Based on their projections as of September 2, 1974, CBG crushed 1,550,551 metric tons less than it expected from October 1974 to March 1975. The policy formula required a determination whether the "production loss ... bearing in mind the commercially reasonable use of inventory ... resulted in loss of shipments." The jury was instructed as to amounts crushed, decreases in inventory, and canceled shipments. Their finding of a loss of 935,250 metric tons is consistent with proper application of the policy formula and we do not believe that the jury instructions given prejudiced INA.
INA objects strenuously to the emphasis in the instructions on shipping losses as opposed to an inability to crush bauxite. CBG argues in response that the policy covered losses caused by damage to all of CBG's facilities including, not only the crushing facility, but the shiploading facility. While this interpretation of the policy is correct, it does little to support CBG's claim, since the shipping losses in this case resulted from damage to the crushing and not the shiploading facility. However, we believe that the lower court correctly found support for CBG's claim in Paragraph 2(h) (iii) of the policy. This paragraph provides that the insurance company is liable for losses from any "suspension, lapse or cancellation [that] results directly from the interruption of business...." INA contends that CBG should not recover for losses resulting because CBG canceled so many shipments in September. CBG admitted that they canceled more shipments than it turned out was necessary. However, the jury was entitled to find that the cancellations were reasonably made when the cracks were first discovered.
Because the policy's formula requires that actual losses be calculated by considering a reasonable use of inventory, we believe that the amount of canceled shipping was an appropriate basis for determining losses. The jury did not simply base its award on shipping losses. It was instructed to consider only those shipping losses resulting from the interruption of business. The lower court judge instructed the jury to accept as true that shipments were canceled. But it was up to the jury to decide if the interruption of business caused the cancellations.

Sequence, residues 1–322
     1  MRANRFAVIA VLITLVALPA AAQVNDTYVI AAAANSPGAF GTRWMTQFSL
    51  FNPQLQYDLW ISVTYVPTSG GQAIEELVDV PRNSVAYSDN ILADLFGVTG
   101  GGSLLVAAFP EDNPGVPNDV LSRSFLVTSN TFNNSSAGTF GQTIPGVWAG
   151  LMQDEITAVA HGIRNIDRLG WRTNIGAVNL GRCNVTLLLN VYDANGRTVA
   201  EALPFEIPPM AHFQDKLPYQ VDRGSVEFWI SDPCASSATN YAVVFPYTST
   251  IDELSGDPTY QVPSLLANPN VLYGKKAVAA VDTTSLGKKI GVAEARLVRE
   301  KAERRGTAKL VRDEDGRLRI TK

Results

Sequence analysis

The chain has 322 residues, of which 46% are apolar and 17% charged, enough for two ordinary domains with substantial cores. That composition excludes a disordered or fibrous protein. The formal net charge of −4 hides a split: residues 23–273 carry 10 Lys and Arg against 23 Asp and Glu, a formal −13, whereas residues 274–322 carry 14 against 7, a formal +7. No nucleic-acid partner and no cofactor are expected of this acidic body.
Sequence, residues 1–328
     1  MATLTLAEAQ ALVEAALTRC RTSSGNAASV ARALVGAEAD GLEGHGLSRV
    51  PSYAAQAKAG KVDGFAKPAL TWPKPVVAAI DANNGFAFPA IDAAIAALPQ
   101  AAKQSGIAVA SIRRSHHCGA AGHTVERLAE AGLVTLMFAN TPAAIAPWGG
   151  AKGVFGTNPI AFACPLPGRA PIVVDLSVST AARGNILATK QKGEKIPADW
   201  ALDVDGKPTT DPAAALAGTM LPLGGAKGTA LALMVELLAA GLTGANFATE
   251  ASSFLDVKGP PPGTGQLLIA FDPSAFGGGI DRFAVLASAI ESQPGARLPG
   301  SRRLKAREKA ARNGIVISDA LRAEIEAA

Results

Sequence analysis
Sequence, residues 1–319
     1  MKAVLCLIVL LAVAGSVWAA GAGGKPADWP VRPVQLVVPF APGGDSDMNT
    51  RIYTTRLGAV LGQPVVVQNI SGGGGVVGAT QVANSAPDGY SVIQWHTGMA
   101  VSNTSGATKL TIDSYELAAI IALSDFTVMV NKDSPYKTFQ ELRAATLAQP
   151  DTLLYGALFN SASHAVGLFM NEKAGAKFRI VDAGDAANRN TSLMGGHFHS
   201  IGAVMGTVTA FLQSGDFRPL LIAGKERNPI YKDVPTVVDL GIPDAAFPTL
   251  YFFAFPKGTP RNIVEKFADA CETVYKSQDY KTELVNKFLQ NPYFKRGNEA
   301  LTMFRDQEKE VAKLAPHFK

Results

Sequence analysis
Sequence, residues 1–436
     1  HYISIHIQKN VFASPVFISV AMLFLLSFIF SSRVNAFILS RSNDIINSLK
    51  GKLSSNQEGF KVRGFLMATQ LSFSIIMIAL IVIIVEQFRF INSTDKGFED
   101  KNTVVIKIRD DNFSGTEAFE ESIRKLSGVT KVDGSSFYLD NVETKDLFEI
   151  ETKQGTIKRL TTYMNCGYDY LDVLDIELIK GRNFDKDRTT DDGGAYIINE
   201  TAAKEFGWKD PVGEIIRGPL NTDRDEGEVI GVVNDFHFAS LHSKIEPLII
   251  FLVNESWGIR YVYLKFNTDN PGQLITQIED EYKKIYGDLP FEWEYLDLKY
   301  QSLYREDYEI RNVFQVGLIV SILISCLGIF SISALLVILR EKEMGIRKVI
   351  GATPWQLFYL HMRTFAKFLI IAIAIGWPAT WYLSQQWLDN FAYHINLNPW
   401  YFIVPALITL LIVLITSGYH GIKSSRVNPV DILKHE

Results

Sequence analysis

INA claims that the district court erred by allowing the jury to award damages for losses caused not only by the repair of the tippler building, but by the redesign and reconstruction of the building. The judge told the jury that they could award damages arising out of the period required "to rebuild, replace or repair." (App. 5963a). We believe this instruction was appropriate. CBG was entitled to rebuild the crushing facility in a way which would avoid future cracking. See Anchor Toy Corp. v. American Eagle Fire Ins. Co., 4 Misc.2d 364, 155 N.Y.S.2d 600 (1956).
INA contends that the trial court erred in refusing to consider the policy exclusions in Paragraph 2 of the policy. The cover page to the policy refers to "all risk" insurance. Paragraph 1 states: "This policy insures against: loss resulting directly from necessary interruption of real or personal property...." Paragraph 2 states:
This policy does not insure against:
(a) Mechanical Breakdown, unless other accident covered hereunder ensues, and then this policy shall cover the ensuing loss only;
(b) Theft, conversion or infidelity by any employee of the Insured. Actual physical damage to the Insured's property as a result of a willful act of malicious intent shall be deemed not to be an act of infidelity;
(c) Inherent vice, latent defect, wear and tear, gradual deterioration, delay, loss of market;
(d) Insurrection, rebellion, revolution, civil wars, usurp of power, or action taken by governmental authority in hindering, combatting, or defending against such an occurrence, seizure or destruction under quarantine or customs regulations, confiscation by order of any government or public authority, or risks of contraband or illegal transportation or trade;
(e) Hostile or warlike action in time of peace or war, including action in hindering, combatting, or defending against an actual impending or expected attack;
(i) By any government or sovereign power (de jure or de facto) or by any authority maintaining or using military, naval or air forces, or
(ii) By military, naval or air forces, or
(iii) By an agent or any such government power, authority or forces;